Shrinking populations could actually be good for the world’s richest nations, according to a paper that examined the impact of the UK’s expected demographic slump and counters conventional wisdom.
(Bloomberg) — Shrinking populations could actually be good for the world’s richest nations, according to a paper that examined the impact of the UK’s expected demographic slump and counters conventional wisdom.
A study into population decline by David Miles, chief forecaster at the UK’s Office for Budget Responsibility, found that “the economic impacts are likely, on balance, to be positive” and “predictions of dire effects are implausible.”
Many rich economies are facing huge demographic challenges over the next 50 years as fertility rates decline and people live longer. Japan, Germany and Italy already have contracting populations. Similarly, Spain and France will have fewer people in 2070 than today, according to the United Nations.
The population of the UK, which Miles uses in his study, grew by almost 4 million to 67 million in the decade to 2021, according to the Office for National Statistics. But the OBR expects that figure to be around 1 million smaller in 2070.
Populations in advanced nations are ageing and falling as parents wait longer to start a family and as housing and childcare costs climb to punitive levels. Some people, like birthstrikers, are refusing to have children in protest at the damage mankind is doing to the planet.
Economists have warned that government finances will become unsustainable as the number of workers declines relative to the retired population because a smaller workforce generates less tax to meet the demands on public health care and state pensions from the elderly.
In OBR forecasts Miles helped prepare in July, the UK government’s fiscal watchdog confirmed the outlook. It said lower birth rates and longer life expectancy would punch a £250 billion ($313 billion) hole in the government finances by the mid-2070s.
Less Investment Needed
In his paper for “The Journal of the Economics of Ageing,” Miles again acknowledged the fiscal burden of ageing. However, he said standard analysis of the fiscal benefits of a growing population omits the cost of new homes, schools, roads and other public and private investment that will be needed.
As a result, the outlook is very different when it comes to living standards. The faster a population grows, the more expensive it is to maintain the stock of “capital assets per person,” which increases the claims on today’s domestic savings and leaves less income available for consumption, Miles said.
The opposite is true when the population declines, as less investment is needed and real wages can grow faster. “Quality of life… can certainly be higher with a smaller population,” Miles said. He added that consumption is a “better and more direct measure of satisfaction” than GDP or GDP-per-capita.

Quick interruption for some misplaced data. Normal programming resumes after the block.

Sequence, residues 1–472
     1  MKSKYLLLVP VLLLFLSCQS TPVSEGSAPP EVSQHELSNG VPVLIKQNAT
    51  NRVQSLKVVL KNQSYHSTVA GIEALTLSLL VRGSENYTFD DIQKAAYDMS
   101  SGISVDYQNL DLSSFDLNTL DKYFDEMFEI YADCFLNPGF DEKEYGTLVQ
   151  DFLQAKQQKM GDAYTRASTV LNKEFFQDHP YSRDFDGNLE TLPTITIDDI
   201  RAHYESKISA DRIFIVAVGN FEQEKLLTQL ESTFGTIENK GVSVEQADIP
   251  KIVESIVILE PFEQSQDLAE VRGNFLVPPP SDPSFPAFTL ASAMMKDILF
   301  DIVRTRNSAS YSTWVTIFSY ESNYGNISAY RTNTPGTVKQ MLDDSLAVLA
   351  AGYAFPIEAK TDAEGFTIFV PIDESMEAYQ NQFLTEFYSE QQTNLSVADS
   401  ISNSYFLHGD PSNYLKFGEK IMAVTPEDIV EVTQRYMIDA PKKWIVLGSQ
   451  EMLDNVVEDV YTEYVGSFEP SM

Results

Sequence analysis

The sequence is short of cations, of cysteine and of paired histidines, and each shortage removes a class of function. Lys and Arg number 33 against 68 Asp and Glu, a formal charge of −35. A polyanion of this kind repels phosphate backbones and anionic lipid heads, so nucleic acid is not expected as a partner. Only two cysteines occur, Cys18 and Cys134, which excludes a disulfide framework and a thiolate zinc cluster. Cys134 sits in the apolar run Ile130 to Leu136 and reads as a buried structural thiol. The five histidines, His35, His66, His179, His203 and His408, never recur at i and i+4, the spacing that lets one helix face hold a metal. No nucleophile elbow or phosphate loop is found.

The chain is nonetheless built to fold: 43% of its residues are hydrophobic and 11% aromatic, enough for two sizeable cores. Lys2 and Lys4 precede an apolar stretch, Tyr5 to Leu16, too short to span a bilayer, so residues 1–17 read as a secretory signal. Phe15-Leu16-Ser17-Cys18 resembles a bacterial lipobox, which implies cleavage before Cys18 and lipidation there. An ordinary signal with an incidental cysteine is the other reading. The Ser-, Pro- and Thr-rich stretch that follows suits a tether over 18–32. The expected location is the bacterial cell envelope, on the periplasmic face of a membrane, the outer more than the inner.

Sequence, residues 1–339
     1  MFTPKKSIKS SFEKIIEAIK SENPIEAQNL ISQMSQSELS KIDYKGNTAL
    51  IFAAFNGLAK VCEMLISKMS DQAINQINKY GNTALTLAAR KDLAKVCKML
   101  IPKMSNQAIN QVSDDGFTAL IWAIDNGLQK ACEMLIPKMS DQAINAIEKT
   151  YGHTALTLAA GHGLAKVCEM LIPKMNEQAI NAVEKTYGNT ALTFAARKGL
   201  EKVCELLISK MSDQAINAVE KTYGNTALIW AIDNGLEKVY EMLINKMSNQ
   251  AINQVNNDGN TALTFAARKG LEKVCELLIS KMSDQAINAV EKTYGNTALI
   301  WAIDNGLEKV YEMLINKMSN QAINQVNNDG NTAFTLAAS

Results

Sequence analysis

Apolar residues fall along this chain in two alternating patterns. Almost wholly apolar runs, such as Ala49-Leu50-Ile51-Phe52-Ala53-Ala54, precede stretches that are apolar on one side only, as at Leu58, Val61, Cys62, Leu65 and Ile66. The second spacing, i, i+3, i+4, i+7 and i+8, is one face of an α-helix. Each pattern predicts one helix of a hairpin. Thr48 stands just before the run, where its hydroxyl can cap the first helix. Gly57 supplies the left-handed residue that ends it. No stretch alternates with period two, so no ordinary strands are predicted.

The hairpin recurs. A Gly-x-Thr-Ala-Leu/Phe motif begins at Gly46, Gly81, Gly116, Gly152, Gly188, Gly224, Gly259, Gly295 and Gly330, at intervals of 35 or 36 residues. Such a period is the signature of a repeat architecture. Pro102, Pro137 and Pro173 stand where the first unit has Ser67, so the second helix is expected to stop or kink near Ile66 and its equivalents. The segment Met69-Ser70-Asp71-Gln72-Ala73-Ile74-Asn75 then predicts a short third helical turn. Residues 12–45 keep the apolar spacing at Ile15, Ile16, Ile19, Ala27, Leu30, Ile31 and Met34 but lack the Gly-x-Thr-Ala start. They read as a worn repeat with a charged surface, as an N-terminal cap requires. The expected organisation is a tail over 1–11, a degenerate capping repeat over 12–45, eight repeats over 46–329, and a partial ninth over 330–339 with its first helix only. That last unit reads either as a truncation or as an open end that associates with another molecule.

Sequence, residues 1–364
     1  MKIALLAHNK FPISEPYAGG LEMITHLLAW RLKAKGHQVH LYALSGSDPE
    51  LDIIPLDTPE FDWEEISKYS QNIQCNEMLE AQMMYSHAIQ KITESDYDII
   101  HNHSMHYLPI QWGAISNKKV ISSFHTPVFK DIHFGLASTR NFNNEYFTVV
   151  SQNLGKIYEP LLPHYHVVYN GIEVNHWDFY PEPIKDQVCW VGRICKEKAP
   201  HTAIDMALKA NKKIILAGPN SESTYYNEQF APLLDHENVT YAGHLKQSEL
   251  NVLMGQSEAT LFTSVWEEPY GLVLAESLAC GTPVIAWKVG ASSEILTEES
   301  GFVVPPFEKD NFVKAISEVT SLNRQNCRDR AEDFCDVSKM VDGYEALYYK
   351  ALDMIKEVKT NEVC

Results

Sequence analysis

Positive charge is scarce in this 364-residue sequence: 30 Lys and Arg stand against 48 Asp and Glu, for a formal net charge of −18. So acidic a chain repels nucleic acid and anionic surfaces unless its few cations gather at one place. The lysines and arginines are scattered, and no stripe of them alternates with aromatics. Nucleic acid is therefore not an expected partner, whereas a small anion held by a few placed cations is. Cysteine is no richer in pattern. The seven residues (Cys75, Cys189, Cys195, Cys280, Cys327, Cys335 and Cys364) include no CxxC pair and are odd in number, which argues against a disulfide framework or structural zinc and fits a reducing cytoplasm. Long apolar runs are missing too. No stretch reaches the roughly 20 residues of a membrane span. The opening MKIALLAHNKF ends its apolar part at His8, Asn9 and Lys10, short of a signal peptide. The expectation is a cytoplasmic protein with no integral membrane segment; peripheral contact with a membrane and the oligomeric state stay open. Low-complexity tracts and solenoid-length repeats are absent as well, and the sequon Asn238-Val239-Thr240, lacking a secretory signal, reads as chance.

If “capital assets per person” fall because the government fails to invest then “the fiscal position can improve with fast population growth while the quality of life may decline.” Miles said that already appears to be happening in the UK.
Britain “has not collectively invested enough to keep many of its capital assets – schools, the rail network, roads, some types of corporate assets – at a level that can keep up with the demands on them from an ever-rising population,” he said.
One country that has experienced population decline is Japan, whose population has shrunk by 4 million to 124 million, since 2010. So far, it has managed the process with few apparent ill side-effects.
GDP per person has increased by 0.8% a year on average, according to World Bank figures, similar to France where the population has increased. Net debt to GDP in the decade to the pandemic grew more slowly than when the population was still expanding, according to the International Monetary Fund.
In a 2020 paper, two IMF economists said Japan’s demographic headwinds implied “insufficient workers to maintain current levels of economic activity.” However, that view was “more dire than Japan’s experience.”
Miles said social trends make shrinking populations inevitable in many rich countries. Besides lifting living standards, the benefits from a smaller population could be a reduction in “congestion and pollutants, more space, cheaper housing and fewer people to create environment damage,” he said.
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